Never mind the Hiawatha light rail line’s 10 million annual passengers or the 8,000 new housing units built along the route from downtown Minneapolis to the Mall of America. The Hiawatha is supposedly a huge government boondoggle because it’s “fleecing taxpayers” of $15 million a year in public subsidies.
That’s the Gospel According to the Taxpayers League of Minnesota, the Merry Pranksters of the far right whose tunnel vision regarding transportation financing admits no view of the vastly greater tax subsidies going to travel by private car.
Start with the $1.5 billion a year in Minnesota property taxes (100 times Hiawatha’s state support) that maintain county roads, local streets and bridges, a subsidy with no relationship to use of the system. Then throw in the $8 billion Congress and former President Bush appropriated from general funds last year to keep the federal highway trust fund solvent in the face of lagging gasoline tax collections.
Now the Obama administration is proposing an additional non-user $20 billion infusion to prop up the trust fund for the next 21 months. That’s $18 billion for roads and bridges, $2 billion for transit.
There’s more: Macalester College Prof. Sarah West and other economists have estimated the “externalities” of driving – costs that motorists don’t directly bear for things such as environmental damage, collision casualties and military operations to secure petroleum supplies – at $1 per gallon of gasoline. That’s a hidden subsidy for Minnesota motorists of more than $2 billion a year.
Current state-federal gas taxes in Minnesota total 45.5 cents a gallon, and nearly all of that goes to highway infrastructure. Meanwhile, the price imbalance from road-user subsidies and externalities drives the urban congestion that creates more inefficiency — $78 billion annually in wasted fuel and time nationwide, according to the Texas Transportation Institute.
Further, the Minnesota Department of Transportation projects its costs over the next 20 years just to maintain existing state highways and bridges at $16 billion. The revenue expected over the same period is only $15 billion, mainly from fuel and vehicle registration taxes. MnDOT plans to spend $3.5 billion of that on new road projects.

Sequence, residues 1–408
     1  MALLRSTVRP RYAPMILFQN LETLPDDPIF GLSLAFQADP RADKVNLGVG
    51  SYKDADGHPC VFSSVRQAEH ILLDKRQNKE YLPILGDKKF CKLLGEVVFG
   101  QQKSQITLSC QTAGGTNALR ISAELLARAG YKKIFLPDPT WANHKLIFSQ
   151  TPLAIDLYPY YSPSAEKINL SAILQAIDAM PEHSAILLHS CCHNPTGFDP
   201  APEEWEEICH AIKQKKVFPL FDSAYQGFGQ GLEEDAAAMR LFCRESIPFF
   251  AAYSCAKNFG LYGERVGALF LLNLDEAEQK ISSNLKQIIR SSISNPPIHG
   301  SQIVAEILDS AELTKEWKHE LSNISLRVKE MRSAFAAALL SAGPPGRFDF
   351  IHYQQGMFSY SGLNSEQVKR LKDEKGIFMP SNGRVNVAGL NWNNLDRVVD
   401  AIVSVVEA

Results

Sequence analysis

That leaves $4.5 billion in deferred maintenance to pass down to future generations if the “conservative” ideal of no-new-taxes-no-matter-what holds sway.
Minnesota’s evangelist-in-chief for that kind of shortsightedness is Taxpayers League President Phil Krinkie. St. Phil recently weighed in on these matters, branding the Hiawatha Line “a funding hole” that “will never be a success” and criticizing modest proposals to index the state gas tax for inflation.
“At 27 cents, we’re not paying enough?” Krinkie cranked to the Duluth News-Tribune last week.
Actually, we’re not, as documented above. And that may go double for somebody like St. Phil, a heating-cooling-electrical contractor whose Snelling Co. vans ply Twin Cities roads at super-bargain prices subsidized by the rest of us.
This is not to denigrate all those driving subsidies out of hand, but merely to put them in perspective with the relatively tiny ones that support transit. In fact, for two centuries, practically all forms of transportation in the United States, from the Erie Canal to railroads to commercial ports and waterways to airports, roads and bridges, have been heavily subsidized by taxpayers.
Why? Because this stuff is indispensable for the vibrant economy that gives the Krinkies of the world the luxury of denouncing taxes that don’t even pay for all the benefits they are supposed to bring forth. It’s time for whiners like St. Phil to recognize the bargain they’re getting and quit begrudging millions of transit riders the much smaller public support they enjoy.
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